According to the February 2007 Harvard Business Review, there may be something to all this talk about self-awareness. Self-awareness has just been recognized as the most important capability for leaders to develop. I would add that this is a quality that is beneficial for anyone to develop. After all, we are all leaders somewhere in our lives aren’t we? Emotions can play an important role in our careers, education, at home, in our community, and in all our relationships.
Ever find that you get upset easily or fairly regularly? Maybe you feel overwhelmed most of the time, stressed out, or even tired? Have you asked yourself if this is the plan you had for your life way back when? Whose life are you living anyway?
An even better question would be, “What role do you play in all of this?”
Remember the old joke, “Doc, my arm hurts when I move it like this. What should I do?” To which the good doctor quickly responds, “Stop moving it like that.” If your life, career, relationships, etc., are not going the way you’d like, maybe it’s time you took a hard look at yourself.
I don’t mean any disrespect when I say this but if you’re encountering the same problems over and over in a variety of situations, the problem may be right in front of you… No wait, right behind you. Actually, as you can see there is no easy way to say this — the problem may be you, more specifically, your lack of self-awareness.
What is self-awareness?
How many people really take the time to get to know themselves? It may seem incomprehensible that you could or should actually meet yourself. Just for the sake of clarity, let’s talk about what self-awareness is.
Self-awareness is knowing one’s internal states, preferences, resources and intuitions, allowing us to plan our actions and develop proactive behaviors. Simply put, self-awareness involves the process of identifying your experience as either a thought or a feeling. Can you observe yourself and correctly identify and label the emotion being experienced? People with greater certainty about feelings are better pilots of their lives, having a surer sense of how they really feel about personal decisions from whom to marry to what job to take.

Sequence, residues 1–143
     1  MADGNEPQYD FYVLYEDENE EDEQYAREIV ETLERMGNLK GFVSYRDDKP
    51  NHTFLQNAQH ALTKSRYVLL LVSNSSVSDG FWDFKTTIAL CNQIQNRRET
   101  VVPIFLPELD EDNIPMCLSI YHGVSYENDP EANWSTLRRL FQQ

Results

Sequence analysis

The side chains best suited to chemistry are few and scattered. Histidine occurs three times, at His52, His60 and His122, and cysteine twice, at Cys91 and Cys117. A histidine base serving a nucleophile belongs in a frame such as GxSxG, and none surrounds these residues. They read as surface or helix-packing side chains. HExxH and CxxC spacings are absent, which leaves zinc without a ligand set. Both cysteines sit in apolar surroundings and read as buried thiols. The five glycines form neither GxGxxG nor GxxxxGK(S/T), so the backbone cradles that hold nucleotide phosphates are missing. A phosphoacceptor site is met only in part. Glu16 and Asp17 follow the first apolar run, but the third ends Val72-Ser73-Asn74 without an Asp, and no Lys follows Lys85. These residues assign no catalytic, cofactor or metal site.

Why is it important?
Being self-aware means being authentic to yourself. This is where constructive or critical thinking happens. Where you either start understanding or integrating your needs, motives and desires. As you work to develop your self-awareness you increase your self-confidence.
A good leader knows when you understand yourself you are more likely to understand others. Now that’s a skill that can come in handy. Anyone striving to increase their skills needs a plan. A solid plan can make all the difference.
How do I make a plan?
The process is not a quick fix; rather, it is a life-long commitment. Change happens over time. So be patient with yourself while you are learning. Self-awareness allows us to take responsibility for our outcomes, plan our actions, and develop proactive behaviors.
You may be wondering how you can develop a plan for your personal or professional development. Here are some suggestions to get you going in the right direction. Your plan should include these four steps:
Before you do anything, you might want to take an assessment to determine a baseline of where you are currently at. Assessments can identify your strengths, challenges, and personal style. They can be a gold mine giving you a feeling of satisfaction in that you understand your preferences and tendencies better.
Goal setting. Now that you understand your unique style you can create a plan that identifies specific skills that are congruent with your preferences and tendencies yet challenges you to develop new behaviors.
Accountability. We all need to be accountable. You can find this in a friend, a close family member, a mentor, or a personal development coach. Whomever you decide to work with, collaborate on a plan, even if it is very simple, that spells out exactly what you need from them.
Ever wondered how others see you? Feedback is probably the most important dimension in your personal development plan. It is through feedback that we can learn to “see ourselves as others see us.” This process is where you solicit others’ perceptions and feelings about your new behaviors.
By developing your self-awareness you are increasing your emotional intelligence. The knowledge and skills that you develop to accurately identify and express your emotions are vital for human performance, not to mention physical health.
Michelle Simms is a personal development coach and the owner of Bellingham-based Simms International. She provides one-on-one and group coaching services to individuals around the world.